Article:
making impassable roads the SELLING of this stock has
been somewhat hampered. For these reasons tne SALE
will continue. And it will continue only for as many days
as are necessary to dispose of this ENTIRE STOCK, Until
every article is sold and nothing remains but the empty
shelves and bare walls,
Here are big bargains in every line. Don't take our word for
it. ASK those who have been here and profited by every purchase
they made. Truly a great PUBLIC BENEFIT is still in progress. YOU
are given more time to buy and save.
MEN'S AND BOY'S SUITS.
Many a man and boy can buy a suit now who would otherwise hesi
tate at the high prices. HERE men buy two suits and the two are sold for
less than the regular retail price of one. You can easily figure out the savings.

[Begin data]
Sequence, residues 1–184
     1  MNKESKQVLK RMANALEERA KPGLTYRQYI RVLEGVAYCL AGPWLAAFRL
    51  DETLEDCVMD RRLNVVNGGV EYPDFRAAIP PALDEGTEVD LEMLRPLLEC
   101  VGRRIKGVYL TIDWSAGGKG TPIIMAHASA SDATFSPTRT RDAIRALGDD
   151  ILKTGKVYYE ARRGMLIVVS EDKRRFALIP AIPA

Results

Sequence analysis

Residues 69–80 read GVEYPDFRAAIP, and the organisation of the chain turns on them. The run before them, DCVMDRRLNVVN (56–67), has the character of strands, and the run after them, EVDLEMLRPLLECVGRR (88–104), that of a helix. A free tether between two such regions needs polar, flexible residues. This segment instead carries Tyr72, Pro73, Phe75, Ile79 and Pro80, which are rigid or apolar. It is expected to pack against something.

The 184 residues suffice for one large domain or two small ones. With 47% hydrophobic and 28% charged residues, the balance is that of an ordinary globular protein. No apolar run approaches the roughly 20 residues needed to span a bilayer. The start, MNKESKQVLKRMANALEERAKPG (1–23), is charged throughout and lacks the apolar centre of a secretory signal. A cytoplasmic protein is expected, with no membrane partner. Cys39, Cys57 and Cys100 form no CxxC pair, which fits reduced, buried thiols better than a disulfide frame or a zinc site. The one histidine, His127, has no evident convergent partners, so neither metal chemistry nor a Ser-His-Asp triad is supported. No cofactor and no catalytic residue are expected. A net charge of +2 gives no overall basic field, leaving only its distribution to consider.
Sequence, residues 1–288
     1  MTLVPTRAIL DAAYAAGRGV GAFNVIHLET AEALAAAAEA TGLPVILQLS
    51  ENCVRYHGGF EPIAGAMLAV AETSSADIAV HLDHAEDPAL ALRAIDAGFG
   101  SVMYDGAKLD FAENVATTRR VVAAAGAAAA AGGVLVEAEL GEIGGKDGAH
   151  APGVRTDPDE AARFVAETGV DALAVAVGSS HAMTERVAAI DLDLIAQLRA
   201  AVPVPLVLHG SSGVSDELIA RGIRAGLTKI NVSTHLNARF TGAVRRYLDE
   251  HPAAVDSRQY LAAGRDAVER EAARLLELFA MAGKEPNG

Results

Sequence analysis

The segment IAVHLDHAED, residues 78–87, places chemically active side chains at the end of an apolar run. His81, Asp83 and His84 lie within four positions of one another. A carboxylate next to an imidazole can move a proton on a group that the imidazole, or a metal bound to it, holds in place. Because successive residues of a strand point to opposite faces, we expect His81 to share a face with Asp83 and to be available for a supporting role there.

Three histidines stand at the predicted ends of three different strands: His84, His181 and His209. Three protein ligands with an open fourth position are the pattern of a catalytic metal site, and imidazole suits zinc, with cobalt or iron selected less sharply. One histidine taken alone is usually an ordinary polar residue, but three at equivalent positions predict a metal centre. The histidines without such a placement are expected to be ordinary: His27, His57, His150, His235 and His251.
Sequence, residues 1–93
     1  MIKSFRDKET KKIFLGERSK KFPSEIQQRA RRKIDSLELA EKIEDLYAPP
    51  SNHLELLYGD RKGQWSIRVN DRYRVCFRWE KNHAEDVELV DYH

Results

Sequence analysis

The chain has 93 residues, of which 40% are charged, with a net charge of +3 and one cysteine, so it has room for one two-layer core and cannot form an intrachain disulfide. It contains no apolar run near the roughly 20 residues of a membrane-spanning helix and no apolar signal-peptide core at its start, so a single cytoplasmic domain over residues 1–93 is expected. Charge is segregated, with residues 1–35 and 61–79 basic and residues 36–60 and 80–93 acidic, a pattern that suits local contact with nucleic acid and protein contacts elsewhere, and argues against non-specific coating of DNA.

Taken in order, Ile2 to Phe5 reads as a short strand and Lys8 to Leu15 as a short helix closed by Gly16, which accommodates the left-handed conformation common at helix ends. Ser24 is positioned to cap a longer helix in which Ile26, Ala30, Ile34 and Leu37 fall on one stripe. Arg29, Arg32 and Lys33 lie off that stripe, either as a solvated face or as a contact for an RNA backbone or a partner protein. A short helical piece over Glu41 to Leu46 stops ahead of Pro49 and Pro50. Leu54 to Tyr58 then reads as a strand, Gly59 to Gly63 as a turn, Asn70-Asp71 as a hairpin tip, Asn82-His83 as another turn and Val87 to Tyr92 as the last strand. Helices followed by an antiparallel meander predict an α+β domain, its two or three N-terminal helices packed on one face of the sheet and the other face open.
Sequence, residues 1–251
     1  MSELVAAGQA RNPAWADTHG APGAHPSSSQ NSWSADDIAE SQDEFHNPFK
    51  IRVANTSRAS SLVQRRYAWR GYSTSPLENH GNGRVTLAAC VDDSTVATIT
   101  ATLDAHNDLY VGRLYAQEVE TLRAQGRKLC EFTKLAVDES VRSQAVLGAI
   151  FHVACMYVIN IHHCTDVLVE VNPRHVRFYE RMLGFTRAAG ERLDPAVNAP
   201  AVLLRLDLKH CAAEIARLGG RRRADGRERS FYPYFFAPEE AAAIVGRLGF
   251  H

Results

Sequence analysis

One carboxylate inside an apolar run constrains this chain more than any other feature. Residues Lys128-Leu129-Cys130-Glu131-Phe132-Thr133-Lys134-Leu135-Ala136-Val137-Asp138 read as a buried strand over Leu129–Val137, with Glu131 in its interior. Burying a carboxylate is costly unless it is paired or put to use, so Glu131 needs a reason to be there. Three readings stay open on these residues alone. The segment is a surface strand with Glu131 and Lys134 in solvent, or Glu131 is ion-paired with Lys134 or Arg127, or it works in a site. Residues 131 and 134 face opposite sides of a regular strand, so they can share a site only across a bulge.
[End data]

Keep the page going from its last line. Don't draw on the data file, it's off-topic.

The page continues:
All prices range from $9.75 to $29.75.
100 men who weigh from 159 to 300 pounds and, who measure from
42 to 50 inches around the waist. These men are wanted at the NATIONAL
WOOLEN MILLS as soon as possible to buy each a pair of pants for the small
sum of 150 cents. First here* First served'
Don't wait for prices to come down. You a be disappointed.
Come here where the prices are way down. Supply all your wants
from this STOCK for now and for the future.-, ~,
I S conscience be your guide, your dollar' the "last thing
you part with but do not let doubt make you stay me and rob vo
of this wonderful opportunity of saving. ^WM^WSS T^tT
tSo.1' Minn. St. ^§-£^^£^^:M^M & New Ulm in & a
Ignorance to discrim
inate in investments has
caused endless, misery.
Many New people
hold beautiful stock cer
tificates as valueless as
any scrap of paper.—A
worthless farm mortgage
FIRST MORTGAGE FARM LOANS
6 per cent net.
PHONE OFFICE 102 RESIDENCE 106
(Established 25 Years)
I Equitable Lift Insurance Co. of Iowa
ESTABLISHED 51 YEARS 1
J. R. HIGGS General Agent
A few pair left at the sale price
of $1.75. This item alone
worth coming miles to buy.
New Ulm, Minn
MEN'S SHOES in small sizes
only. Values at $6.50 to $8.50.
While they last $2.95. Others